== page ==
environment and development)

    (Borrini-Feyerbend et al, 2007)

    AIM:

    The aim of mangrove co-management is to ensure sustainable use of resources for the benefit of the local

    population while at the same time maintaining the protection function of the mangroves and associated

    ecosystem. The aim and principle of co-management for Nasoata was based on some core community-based

    management approaches developed in Fiji and the region through MESCAL and other initiatives such as the

    Asia-Pacific Locally managed Marine Areas which are:

    (i) Community at heart: community interest and wellbeing is main goal or central.

    (ii) Community ownership: Any co-management should be community driven and ensure community

    ownership and participation.

    (iii) Partnership: Ensuring acceptance and understanding of co-management and their respective

    roles and responsibilities by all stakeholders and their commitment to play anactive role.

    (iv) Adaptive management: Through participatory approach develop a community management plan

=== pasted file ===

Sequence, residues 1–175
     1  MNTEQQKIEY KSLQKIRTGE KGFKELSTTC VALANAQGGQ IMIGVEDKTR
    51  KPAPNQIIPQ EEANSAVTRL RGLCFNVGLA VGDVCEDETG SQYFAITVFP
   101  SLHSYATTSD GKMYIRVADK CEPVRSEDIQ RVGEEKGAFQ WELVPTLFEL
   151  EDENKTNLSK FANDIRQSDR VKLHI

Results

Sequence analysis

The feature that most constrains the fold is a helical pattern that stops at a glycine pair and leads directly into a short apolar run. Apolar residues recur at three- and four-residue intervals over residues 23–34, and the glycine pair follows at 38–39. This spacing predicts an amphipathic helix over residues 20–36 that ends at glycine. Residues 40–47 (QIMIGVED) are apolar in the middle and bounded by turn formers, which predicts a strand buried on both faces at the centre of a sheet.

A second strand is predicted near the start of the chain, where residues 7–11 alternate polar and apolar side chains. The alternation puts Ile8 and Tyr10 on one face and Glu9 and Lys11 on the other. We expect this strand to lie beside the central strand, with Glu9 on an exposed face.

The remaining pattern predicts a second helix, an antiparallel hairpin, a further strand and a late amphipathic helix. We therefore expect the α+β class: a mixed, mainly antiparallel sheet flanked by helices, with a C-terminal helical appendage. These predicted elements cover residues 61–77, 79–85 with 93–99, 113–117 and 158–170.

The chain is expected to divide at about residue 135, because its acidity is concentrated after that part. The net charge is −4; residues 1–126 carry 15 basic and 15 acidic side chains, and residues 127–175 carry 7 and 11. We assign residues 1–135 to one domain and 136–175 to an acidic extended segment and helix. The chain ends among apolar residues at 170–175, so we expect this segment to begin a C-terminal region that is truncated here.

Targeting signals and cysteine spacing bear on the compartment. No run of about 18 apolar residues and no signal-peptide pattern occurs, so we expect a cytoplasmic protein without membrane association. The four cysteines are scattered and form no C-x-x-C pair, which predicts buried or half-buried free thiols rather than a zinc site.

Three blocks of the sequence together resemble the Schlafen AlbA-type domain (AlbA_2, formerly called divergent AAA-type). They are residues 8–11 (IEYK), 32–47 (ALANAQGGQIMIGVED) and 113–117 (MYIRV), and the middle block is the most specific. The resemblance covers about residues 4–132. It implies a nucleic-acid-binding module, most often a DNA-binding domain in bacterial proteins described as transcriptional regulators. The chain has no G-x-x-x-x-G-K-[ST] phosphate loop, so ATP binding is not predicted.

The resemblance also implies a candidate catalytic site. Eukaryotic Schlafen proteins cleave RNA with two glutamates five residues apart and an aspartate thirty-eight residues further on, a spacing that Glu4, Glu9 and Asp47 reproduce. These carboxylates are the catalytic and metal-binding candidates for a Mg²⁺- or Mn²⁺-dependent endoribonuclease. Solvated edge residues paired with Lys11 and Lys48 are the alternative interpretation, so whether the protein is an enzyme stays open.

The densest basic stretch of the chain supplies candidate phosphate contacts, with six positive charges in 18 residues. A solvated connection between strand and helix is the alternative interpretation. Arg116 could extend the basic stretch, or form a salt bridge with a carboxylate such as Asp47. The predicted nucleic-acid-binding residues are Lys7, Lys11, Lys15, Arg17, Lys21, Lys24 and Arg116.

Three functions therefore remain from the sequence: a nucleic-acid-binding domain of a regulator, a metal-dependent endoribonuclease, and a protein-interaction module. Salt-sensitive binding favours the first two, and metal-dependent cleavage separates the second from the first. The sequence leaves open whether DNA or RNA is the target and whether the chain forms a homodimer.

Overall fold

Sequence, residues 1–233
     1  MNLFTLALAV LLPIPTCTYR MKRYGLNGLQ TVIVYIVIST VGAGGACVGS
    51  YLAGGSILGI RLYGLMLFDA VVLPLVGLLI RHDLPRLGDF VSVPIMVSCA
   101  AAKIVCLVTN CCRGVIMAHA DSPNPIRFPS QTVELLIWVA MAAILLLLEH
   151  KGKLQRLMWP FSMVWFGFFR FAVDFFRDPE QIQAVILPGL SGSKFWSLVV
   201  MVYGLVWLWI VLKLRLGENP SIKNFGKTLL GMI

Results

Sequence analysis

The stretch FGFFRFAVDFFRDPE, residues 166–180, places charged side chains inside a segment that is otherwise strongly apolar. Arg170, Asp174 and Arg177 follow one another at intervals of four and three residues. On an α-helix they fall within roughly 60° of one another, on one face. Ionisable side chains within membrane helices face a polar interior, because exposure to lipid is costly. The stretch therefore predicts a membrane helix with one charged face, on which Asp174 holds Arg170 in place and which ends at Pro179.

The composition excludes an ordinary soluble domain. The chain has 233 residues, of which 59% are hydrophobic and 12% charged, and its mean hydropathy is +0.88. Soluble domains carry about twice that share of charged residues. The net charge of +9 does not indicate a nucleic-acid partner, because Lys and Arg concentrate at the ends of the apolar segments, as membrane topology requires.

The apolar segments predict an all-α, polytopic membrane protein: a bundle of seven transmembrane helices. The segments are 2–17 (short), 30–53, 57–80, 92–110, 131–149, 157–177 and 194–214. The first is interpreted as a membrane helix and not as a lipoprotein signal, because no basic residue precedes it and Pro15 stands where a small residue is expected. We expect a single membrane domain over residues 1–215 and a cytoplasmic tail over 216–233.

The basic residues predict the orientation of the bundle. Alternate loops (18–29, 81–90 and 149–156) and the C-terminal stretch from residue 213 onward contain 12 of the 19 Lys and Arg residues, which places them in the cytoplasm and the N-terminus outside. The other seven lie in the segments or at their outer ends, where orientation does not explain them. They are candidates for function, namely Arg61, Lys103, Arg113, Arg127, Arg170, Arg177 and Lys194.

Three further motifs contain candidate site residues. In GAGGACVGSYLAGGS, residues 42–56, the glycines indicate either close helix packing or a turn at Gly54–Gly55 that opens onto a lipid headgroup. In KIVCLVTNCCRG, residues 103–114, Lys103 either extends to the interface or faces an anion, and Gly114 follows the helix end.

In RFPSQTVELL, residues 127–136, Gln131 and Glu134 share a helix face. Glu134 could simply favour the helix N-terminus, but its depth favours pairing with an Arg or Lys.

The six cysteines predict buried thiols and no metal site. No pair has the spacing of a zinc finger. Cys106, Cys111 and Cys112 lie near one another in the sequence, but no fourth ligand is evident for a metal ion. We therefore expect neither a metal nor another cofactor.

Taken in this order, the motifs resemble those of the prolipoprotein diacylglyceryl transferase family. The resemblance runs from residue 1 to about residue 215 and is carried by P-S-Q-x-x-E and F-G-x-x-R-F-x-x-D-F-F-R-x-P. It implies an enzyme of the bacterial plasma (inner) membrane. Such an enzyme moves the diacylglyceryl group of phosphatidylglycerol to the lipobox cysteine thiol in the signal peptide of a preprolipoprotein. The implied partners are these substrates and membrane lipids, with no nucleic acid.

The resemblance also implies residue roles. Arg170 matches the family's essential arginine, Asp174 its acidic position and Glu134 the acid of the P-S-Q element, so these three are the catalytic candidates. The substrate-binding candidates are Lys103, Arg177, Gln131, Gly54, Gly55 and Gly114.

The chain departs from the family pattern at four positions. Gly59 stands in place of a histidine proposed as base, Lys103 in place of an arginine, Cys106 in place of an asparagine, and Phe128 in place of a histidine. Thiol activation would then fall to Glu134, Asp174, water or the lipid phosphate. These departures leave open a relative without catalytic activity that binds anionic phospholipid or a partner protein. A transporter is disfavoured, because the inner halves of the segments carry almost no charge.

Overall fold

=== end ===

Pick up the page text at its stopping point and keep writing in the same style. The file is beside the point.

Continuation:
that will ensure community ownership and leadership of their formal or informal management

    processes.

    (v) Social justice and equity: To ensure that all parties are treated equal and no one is

    disadvantaged or not heard.

    (vi) Sustainable use of natural resources: To ensure that the goal of sustainable use of natural

    resources are not compromised.

    ‘co-management –

    A situation in which two or more social actors negotiate, define

    and guarantee amongst themselves a fair sharing of

    management functions, entitlements and responsibilities for a

    given territory, area or set of natural resources

    Borrini-Feyerbend et al, 2007

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    PROCESS:

    The steps of developing the Nasoata co-management were guided by the following steps or process:

    a. Community Engagement: Conducting awareness, community dialogues, discussions, focus groups

    and planning activities with communities to increase their understanding of the importance of mangrove

    habitat in Nasoata, their reliance on marine resources. This step also involved assessing their interest

    and commitment to the conservation and sustainable use of Nasoata Island resources.